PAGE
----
*   *   *

Department Of Life Is Tough But It’s Even Tougher If You’re Stupid
Chapter 3 in a series

When driving to or from Tacoma,   [1] one of the sights I have come to look forward to is the Right Wing Uncle Sam Billboard ® , on the east side of I-5 near Chehalis, WA.

 

 

This message is par for the course for Right Wing Uncle Sam (RWUS), whose baleful countenance reminds me of Balok, the fearsome (and false, as it turns out) alien from the Star Trek TOS episode, The Corbomite Maneuver.

 

 

The billboard is notorious in These Here Parts (it even has its own Wikipedia entry!), and has been up since the 1970s. The original wackadoodle wingnut archconservative who erected and maintained the billboard and changed the messages weekly died over a decade ago; his survivors have kept it going.

Poor RWUS, seemingly doomed for life to hector travelers north and south (it’s a two-sided wingnut fest billboard!). No wonder his severe visage, as if he were trying to maintain composure while being administered a perpetual colonoscopy by government-employed, immigrant gay Russian liberal Muslims dressed like John Kerry.   [2]

Returning to Oregon on Sunday after a long weekend in Tacoma, my view on the trip south was a rather mild, for RWUS: “Be glad Pelosi is not commander-in-chief.”  I forget what it was on the trip north…but RWUS seems to be losing his fire.  I used to count on his irrational screeds entertaining and stimulating messages to lull me out of highway hypnosis and remind moiself to pull over at the next rest stop and do some calisthenics.

 

*   *   *

Blog Department Of I’m Too Old For This…Except When I’m Not.

My most recent opportunity to see Right Wing Uncle Sam Billboard ® was last weekend, when I ventured north to help daughter Belle move from her tiny studio apartment into a roomier rental.  Belle is much cuter than but just as strong as the proverbial ox…

…as I was, at her age (well, the strong part).  But the Strong Young People ® who were promised to help Belle and I never materialized.  So it was my daughter and moiself, the latter feeling (and probably looking) more like the Decrepit Crypt Keeper than the Dynamic Couch Mover after two days of schlepping furniture and boxes up and down stairs and in and out of vans….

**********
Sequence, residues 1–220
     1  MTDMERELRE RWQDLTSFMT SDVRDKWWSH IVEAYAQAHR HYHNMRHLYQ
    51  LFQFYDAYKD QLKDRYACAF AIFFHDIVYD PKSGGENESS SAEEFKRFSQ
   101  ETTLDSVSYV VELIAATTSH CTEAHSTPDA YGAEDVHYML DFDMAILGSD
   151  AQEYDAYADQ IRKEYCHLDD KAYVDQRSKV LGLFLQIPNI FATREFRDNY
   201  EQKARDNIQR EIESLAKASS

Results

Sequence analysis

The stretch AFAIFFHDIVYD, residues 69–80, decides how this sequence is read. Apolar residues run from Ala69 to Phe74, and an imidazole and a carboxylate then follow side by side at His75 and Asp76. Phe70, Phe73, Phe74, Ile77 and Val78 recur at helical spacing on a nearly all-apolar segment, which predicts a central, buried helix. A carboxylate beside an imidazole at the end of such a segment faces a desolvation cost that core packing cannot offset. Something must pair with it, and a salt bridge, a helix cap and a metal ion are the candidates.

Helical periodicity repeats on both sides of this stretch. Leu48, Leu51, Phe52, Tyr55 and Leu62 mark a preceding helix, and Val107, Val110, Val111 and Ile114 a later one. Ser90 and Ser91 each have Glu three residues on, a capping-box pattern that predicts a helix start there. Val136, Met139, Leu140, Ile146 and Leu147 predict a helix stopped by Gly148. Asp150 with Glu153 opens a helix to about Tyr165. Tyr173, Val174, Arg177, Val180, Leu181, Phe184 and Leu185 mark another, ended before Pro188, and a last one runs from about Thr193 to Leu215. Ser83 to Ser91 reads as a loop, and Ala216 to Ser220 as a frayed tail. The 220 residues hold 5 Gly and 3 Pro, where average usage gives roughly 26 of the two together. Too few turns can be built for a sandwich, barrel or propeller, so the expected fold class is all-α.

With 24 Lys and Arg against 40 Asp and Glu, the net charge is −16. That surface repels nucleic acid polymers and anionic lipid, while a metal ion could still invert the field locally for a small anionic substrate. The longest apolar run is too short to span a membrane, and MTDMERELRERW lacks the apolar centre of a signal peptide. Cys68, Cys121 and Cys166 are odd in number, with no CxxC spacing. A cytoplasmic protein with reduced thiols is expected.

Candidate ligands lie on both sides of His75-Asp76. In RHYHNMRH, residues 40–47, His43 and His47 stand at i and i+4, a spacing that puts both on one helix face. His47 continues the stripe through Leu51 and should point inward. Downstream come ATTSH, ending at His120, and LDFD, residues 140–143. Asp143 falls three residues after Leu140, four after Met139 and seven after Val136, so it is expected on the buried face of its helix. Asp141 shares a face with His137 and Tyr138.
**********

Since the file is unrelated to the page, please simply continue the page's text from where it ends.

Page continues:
“I’m almost forty years older than you,” I huffed on Day 2, trying (and failing) to find a handhold on one end of a very heavy and extremely softly upholstered (read: slippery) couch.  “I’m too old for this…I can’t do this anymore.”

“But, you *are* doing this,” Belle remarked.

Which caused moiself  to wonder, Who raised this smartass?

 

“You want the futon *where*?”

 

*   *   *

Department Of Reflections,
While Resting Outside An Apartment Building,
Between Bouts of Furniture Moving,
Watching People And Their Dogs Walk By

Aka, Dog Poo Haiku

I see them each day:
Patiently, or otherwise
waiting, bag in hand.

Before them it squats:
hindquarters raised; tail aloft;
butthole aquiver.

The owners stand by,
impassively accepting
their twice daily task.

I often wonder,
as the doggies deliver
a fresh poop package,

If their owners knew
what they’d be getting into
each day, without fail

This is what you do;
A primal identity:
Fetcher of feces.

They scoop, once again.
I smile, silently praising
our litterboxes.

 

*   *   *

 

Department Of Well, Duh
Sub Department Of It’s Nice To Give The “Florida Man” Headline A Break, And See
“Florida Woman Does BatShit Crazy Thing” For A Change

It seems that some Christian folks be losing their Jesus shit over a video clip of President #45’s “Spiritual Adviser…”

 

Yeah, I know, right?

 

Ahem…the President’s Spiritual Adviser Paula White, her arms shaking in Pentecostal fundy lunacy fervor, praying during her January 5 sermon to congregants at her City of Loony Tunes Destiny church in Apopka, Florida. In the clip, posted to Twitter by a group that monitors radical right wing organizations, White prays as Jesus instructed his followers to do,  [3] and urges her flock to “…Love your enemies, bless them that curse you, do good to them that hate you, and pray for them which despitefully use you, and persecute you.”

 

 

Well of course she doesn’t.  Instead, she blathers entreats her supernatural friends:

“In the name of Jesus, we command all satanic pregnancies
to miscarry right now.
We declare that anything that’s been conceived in satanic wombs
that it’ll miscarry, it will not be able to carry forth
any plan of destruction, any plan of harm.”

Why is this so offensive and astonishing for some people?  Yeah, yeah, there is the flaming hypocrisy of a Pentecostal preacher who opposes abortion calling for her deity to abort pregnancies of people she deems evil….  [4]

But, really: is this surprising?

My well-known and ongoing critique of religion is evident on these (cyber) pages.  I also count religious believers among my family and friends – people I love, admire and respect (the people themselves – not necessarily the origins and contents of their religious beliefs).   However, unlike Penty Preacher Paula And Her Fundy Fans,   [5]  these people’s beliefs, like the religious beliefs and practices of most contemporary American Christians, are informed and constrained by modernity.

Whether or not what I will call these MCs – modern (moderate?) Christians – realize this, and whether or not MCs consider their beliefs and practices to be an authentic interpretation and application of their scriptures, they simply do not believe nor practice as their religious ancestors did.  Many of the MCs’ fundamentalist fellow Christians criticize them for this ( “Cafeteria Christians,”   [6]  anyone?)

But this Happy Apostate is glad that MCs give themselves license to resolve their cognitive dissonance by declaring that certain of their scriptures are meant to be allegorical or somehow do not apply in the present day (even though the scriptures themselves say no such thing).